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Articles - A Healthy Diet:

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Dietary fibre is absolutely essential for your digestive system to function properly. High fibre foods protect you against constipation and colon cancer and reduce your cholesterol levels. So remember to eat 5 portions of fruit and vegetables a day and as many wholegrain products as you can.

Dietary fibre, or roughage, is the fibrous part of fruit, vegetables and cereals that your body can’t digest or absorb, so that it arrives undigested in your colon. Most dietary fibre is long, neutral-tasting sugar chains. Some are water-soluble, such as inulin and pectin, found mainly in fruit and vegetables, others are insoluble like cellulose and lignin, mainly found in cereals and cereal products.

What’s the effect of high-fibre foods on your body?

In your mouth, fibre-rich food has to be chewed longer and more intensively.


High-fibre foods bulk out a meal without adding calories. They stay longer in your stomach and help to make you feel full and satiated.

In your intestines, roughage binds water, making your stool bulkier and pressing on the wall of the intestines, which stimulates bowel movement and helps eliminate waste products more efficiently. This has the benefit that any carcinogenic substances also spend less time in contact with the intestinal wall. This is one way in which high-fibre foods protect you against colon cancer.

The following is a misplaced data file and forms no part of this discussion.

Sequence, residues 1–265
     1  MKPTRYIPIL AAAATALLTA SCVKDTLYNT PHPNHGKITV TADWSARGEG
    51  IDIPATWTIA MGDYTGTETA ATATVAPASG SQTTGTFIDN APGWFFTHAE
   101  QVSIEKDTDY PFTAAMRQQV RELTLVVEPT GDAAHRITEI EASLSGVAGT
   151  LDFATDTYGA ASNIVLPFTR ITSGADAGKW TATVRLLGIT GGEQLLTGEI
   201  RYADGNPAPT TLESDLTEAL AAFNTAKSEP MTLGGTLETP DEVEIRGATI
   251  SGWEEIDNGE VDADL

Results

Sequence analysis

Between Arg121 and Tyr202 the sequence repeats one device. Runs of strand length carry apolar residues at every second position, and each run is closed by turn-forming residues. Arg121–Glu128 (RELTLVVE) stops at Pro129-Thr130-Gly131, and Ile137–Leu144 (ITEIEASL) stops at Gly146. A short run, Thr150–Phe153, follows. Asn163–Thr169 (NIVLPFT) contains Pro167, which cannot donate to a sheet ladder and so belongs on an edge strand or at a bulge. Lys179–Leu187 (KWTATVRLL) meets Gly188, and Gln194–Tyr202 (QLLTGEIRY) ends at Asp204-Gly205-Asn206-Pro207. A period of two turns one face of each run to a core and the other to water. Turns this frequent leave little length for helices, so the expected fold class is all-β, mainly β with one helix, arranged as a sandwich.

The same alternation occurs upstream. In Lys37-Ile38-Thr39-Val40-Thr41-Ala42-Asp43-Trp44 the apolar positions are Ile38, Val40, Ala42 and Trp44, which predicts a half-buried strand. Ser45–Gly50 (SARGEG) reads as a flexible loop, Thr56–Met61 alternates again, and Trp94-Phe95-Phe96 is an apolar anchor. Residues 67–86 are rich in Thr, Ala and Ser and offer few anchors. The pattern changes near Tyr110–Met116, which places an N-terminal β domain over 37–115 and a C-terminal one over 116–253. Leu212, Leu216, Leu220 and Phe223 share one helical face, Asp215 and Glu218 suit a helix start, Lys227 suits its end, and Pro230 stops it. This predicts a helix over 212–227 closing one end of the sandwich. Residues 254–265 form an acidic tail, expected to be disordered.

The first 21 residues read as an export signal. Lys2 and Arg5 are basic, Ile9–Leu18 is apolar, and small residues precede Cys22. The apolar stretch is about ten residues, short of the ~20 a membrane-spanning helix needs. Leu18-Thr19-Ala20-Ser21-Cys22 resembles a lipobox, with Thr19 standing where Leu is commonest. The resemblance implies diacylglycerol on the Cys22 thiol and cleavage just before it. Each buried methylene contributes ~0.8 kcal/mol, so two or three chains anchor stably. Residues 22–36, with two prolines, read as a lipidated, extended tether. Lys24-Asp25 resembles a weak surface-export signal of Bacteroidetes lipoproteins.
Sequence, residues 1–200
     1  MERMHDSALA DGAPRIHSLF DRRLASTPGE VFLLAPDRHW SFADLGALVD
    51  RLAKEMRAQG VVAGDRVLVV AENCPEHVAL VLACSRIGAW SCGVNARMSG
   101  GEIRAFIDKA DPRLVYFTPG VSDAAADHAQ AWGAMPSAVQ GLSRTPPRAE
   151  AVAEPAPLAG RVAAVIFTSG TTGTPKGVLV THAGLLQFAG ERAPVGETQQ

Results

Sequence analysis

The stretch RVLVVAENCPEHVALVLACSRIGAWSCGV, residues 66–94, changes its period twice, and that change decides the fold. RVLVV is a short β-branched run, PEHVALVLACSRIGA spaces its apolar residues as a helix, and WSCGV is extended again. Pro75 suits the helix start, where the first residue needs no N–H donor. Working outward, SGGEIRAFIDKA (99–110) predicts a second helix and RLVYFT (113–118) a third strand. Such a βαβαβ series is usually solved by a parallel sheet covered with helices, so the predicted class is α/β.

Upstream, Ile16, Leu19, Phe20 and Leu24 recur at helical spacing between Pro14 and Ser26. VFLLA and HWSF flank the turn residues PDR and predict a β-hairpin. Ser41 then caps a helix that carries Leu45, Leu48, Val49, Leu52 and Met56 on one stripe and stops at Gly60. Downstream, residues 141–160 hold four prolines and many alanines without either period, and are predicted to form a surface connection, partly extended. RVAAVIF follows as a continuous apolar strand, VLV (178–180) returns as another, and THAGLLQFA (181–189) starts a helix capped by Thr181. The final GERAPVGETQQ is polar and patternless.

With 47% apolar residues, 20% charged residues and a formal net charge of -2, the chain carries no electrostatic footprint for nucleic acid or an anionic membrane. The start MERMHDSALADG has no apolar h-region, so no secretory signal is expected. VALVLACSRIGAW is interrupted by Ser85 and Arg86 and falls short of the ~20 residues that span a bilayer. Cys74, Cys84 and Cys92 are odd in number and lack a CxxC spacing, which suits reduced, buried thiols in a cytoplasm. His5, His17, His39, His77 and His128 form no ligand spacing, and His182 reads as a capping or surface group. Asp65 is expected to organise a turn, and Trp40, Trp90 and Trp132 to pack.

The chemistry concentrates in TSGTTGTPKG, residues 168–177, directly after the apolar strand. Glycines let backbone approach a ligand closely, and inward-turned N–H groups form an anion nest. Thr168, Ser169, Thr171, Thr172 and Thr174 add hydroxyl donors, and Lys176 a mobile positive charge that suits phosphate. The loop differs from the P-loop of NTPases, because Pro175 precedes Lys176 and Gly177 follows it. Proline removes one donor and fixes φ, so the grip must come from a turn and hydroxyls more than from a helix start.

Bulkier stools mean less risk of constipation, but only if you drink enough liquids.


Fibres bind bile acids and carry them out of your body. Your body must produce new bile acids, for which it needs cholesterol. This helps to lower your cholesterol level.

Scientific studies have shown that high-fibre foods lower blood sugar levels in diabetics by slowing the rate at which carbohydrates are absorbed from the intestine into the blood.

Helpful bacteria in your large intestine live on soluble fibres; they decompose them almost completely to shortchain fatty acids. These serve the mucous membranes of the large intestine as an energy supply and help to maintain the barrier function against damaging bacteria.

How much per day?

The German Nutrition Society (DGE) recommends that adults eat 30 g roughage a day. This translates into five portions of fruit and vegetables/pulses, a portion of cereal flakes, two or three slices of wholewheat bread and a portion of potatoes, wholegrain pasta or wholegrain rice.

Hint: If you want to change from a low-fibre to a high-fibre diet, it’s not a good idea to switch overnight. Your digestive system needs to adapt gradually to the change. Make sure you drink around 1.5 or 2 litres of water a day, so that the fibre swells up as it needs to do.

Tip: Finely milled wholegrain bread is easier to digest than coarse bread. Ask your baker for 100% wholegrain bread and don’t be deceived by ordinary bread that’s been coloured darker even if it’s got the odd corn or sunflower seed.

Sources: LEL Schwäbisch Gmünd, In Form

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